Statistics from the Ministry of Natural Resources and Environment reveal that HCMC has an average ground subsidence rate of 4cm per year, which is very fast.
Take Mental Hospital – Le Minh Xuan Branch as an example. An examination carried out by SGGP Newspaper on December 14 shows that all the ground floor of the administration block has been destroyed due to land sinking. Worse, the footings also have cracks, some of which are 10cm wide. The hospital, therefore, has to hang notices ‘Be careful not to fall’ along the walls.
A similar case is found in an apartment block on Vo Van Kiet Street in District 1. The block has a total deviation of 45cm, greatly scaring residents there. What is more, after each rain, local people in HCMC usually find ‘sinkholes’ in many urban streets due to ground subsidence.
A research by HCMC University of Technology states that the city has a very small area of hard land near Vietnam National University – HCMC (in Thu Duc District). The surface area of the land with average hardness accounts for around 40 percent, located in the North of District 9, the Northeast of Thu Duc District, the Northwest of Binh Chanh District, and the West of Tan Binh District.
The rest is very soft and highly-sinkable, which could reach the width of 10m to 30m and mostly sited in Districts 2, 4, 6, 7, 8, Nha Be, Can Gio, as well as the area along the banks of Sai Gon River. Worriedly, these are the places intended for urbanization activities, with more industrial zones, sea ports, and residential areas to be constructed in the near future.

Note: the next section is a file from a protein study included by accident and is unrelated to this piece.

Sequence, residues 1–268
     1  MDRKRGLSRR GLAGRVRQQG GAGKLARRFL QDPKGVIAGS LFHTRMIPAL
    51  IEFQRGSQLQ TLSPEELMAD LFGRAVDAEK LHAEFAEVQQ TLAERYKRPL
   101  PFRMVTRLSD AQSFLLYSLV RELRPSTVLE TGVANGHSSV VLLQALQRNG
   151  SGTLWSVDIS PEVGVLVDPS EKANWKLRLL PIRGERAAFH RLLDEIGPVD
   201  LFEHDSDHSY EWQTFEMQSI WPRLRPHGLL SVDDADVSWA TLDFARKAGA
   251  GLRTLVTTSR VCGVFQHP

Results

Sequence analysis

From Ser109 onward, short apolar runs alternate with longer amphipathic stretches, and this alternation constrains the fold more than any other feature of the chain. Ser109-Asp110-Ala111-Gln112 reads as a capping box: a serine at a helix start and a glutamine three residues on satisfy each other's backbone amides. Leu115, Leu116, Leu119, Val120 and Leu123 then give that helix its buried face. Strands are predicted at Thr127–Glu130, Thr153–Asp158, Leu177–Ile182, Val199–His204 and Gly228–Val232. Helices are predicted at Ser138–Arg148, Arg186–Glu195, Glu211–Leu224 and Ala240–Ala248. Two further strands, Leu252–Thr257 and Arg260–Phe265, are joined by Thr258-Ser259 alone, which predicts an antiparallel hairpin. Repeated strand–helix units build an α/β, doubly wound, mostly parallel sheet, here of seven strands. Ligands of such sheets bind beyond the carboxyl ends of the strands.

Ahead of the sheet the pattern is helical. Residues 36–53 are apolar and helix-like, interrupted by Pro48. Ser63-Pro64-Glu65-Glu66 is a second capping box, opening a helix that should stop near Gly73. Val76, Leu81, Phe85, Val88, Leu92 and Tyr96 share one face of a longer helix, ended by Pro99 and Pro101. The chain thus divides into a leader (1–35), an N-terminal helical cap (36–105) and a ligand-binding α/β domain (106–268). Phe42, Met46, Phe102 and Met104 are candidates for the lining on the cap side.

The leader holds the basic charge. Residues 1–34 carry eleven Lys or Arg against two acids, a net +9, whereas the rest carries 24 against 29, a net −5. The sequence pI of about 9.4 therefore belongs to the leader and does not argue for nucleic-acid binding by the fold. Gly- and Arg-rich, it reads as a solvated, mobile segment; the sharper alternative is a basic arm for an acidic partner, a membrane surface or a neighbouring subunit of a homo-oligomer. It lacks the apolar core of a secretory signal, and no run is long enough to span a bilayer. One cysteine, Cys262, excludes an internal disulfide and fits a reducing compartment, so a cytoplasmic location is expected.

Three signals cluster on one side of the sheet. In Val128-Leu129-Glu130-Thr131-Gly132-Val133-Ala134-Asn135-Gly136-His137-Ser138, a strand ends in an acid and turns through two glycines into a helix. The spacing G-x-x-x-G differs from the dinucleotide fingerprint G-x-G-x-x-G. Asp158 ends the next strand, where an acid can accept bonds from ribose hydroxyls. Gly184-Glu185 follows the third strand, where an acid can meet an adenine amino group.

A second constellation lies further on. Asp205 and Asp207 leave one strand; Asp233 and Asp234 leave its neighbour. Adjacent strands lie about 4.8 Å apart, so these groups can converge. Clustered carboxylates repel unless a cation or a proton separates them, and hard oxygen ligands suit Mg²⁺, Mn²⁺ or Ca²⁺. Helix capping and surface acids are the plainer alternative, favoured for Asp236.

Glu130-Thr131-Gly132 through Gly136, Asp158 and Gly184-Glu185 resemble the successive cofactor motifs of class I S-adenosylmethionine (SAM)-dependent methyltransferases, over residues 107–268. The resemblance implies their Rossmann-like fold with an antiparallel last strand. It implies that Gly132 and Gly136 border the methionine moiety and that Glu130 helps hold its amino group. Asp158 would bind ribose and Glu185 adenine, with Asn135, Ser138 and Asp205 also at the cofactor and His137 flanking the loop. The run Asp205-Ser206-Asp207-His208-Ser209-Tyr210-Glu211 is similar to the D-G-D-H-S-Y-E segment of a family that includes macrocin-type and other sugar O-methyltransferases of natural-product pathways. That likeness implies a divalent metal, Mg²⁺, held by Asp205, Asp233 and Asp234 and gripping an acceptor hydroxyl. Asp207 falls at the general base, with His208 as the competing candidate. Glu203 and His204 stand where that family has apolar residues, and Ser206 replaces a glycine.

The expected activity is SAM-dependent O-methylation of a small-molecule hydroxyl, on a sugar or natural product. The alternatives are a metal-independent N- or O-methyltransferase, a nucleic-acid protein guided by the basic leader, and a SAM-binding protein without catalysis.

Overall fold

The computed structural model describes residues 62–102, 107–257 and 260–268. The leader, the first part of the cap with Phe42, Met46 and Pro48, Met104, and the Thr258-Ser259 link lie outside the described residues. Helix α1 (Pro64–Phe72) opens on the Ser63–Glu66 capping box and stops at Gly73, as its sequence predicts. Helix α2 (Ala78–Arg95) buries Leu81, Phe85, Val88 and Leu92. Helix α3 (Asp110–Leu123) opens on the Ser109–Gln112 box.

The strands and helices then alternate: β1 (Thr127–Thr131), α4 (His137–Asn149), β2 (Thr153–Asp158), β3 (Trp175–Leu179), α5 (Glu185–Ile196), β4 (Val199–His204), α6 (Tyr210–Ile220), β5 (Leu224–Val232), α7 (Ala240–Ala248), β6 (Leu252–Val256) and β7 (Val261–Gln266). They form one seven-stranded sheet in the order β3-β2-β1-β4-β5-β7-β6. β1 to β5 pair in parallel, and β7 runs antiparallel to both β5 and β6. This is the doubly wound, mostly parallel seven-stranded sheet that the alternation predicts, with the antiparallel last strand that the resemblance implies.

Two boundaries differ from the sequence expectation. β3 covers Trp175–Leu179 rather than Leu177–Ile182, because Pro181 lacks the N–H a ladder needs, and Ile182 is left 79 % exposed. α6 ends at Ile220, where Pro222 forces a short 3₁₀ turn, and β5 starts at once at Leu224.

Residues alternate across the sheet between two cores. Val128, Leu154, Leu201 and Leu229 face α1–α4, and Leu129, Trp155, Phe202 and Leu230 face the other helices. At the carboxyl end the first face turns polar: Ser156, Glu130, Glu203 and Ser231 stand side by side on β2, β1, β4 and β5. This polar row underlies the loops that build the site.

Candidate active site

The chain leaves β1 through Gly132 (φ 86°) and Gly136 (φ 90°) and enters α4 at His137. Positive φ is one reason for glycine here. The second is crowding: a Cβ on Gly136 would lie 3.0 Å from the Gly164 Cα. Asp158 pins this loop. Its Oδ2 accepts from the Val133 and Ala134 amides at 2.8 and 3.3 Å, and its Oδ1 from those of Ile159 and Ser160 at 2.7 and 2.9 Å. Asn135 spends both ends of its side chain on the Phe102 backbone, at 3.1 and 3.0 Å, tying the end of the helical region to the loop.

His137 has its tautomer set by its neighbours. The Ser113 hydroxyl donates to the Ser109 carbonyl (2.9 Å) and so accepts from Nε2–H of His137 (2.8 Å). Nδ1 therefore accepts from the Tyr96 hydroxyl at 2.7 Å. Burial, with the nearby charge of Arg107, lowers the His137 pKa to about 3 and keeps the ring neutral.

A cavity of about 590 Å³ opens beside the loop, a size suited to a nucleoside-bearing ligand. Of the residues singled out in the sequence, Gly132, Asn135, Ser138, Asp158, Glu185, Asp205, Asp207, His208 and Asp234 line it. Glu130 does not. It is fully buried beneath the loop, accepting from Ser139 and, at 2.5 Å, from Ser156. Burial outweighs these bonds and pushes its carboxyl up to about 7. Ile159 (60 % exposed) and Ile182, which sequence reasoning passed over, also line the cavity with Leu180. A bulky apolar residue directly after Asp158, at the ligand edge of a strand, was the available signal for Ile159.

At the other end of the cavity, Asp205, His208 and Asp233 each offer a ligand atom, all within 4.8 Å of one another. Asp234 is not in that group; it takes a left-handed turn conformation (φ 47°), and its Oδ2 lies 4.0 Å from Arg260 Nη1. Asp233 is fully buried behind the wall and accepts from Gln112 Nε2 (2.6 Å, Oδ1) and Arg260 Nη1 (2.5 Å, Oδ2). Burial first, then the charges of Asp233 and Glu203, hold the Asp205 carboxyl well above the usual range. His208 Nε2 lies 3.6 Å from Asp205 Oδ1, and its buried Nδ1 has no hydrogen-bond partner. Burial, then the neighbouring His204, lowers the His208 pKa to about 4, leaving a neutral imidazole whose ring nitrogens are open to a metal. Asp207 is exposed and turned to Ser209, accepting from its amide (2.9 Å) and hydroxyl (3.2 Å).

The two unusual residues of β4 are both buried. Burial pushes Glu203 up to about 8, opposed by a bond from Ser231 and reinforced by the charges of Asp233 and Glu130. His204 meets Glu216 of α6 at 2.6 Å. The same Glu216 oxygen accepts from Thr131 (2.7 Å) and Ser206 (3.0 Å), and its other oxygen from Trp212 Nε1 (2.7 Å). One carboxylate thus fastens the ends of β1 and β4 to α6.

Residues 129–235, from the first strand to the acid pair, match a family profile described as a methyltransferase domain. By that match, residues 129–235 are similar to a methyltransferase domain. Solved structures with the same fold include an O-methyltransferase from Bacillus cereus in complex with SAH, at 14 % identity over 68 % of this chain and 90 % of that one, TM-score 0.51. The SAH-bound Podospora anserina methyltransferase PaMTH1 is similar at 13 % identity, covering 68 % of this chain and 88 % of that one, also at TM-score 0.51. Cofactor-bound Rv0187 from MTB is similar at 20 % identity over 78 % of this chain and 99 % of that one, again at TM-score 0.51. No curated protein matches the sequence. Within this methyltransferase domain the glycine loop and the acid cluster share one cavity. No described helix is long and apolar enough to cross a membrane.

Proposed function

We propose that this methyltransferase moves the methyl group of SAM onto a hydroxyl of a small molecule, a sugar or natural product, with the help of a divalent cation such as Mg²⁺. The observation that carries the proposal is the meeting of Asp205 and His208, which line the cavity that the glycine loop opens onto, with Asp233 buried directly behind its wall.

According to Associate Prof. Dr. Nguyen Phuoc Minh from HCMC University of Science, the most prominent causes of this issue are heavy traffic activities, unstable geological structure, and concentrated urbanization. It is large construction projects that need to dig deep into the earth, unfortunately breaking the current structure of strata and creating land sinking.
Unplanned groundwater extraction also contributes to make the matter worse. However, at the moment, many districts are encouraging their residents to switch to tap-water while trying to better monitor legal groundwater exploitation.
To lessen ground subsidence in HCMC, scientists suggest that the municipal authorities must decrease constructions of high-rise buildings in soft-landed areas. It is also necessary to develop a simulation scenario in order to forecast sinking states of different places in the city and find the most suitable solutions for them.
Moreover, there is a need to re-identify land foundation standards for new construction projects in the existence of climate change.
Also, the public’s awareness about the danger of illegal groundwater extraction must be raised. The city is striving to reduce the exploitation rate from 200,000m3 per day now to one-third in the future.
Finally, HCMC is recommended to expand Northwestward since the land there is hard and sturdy.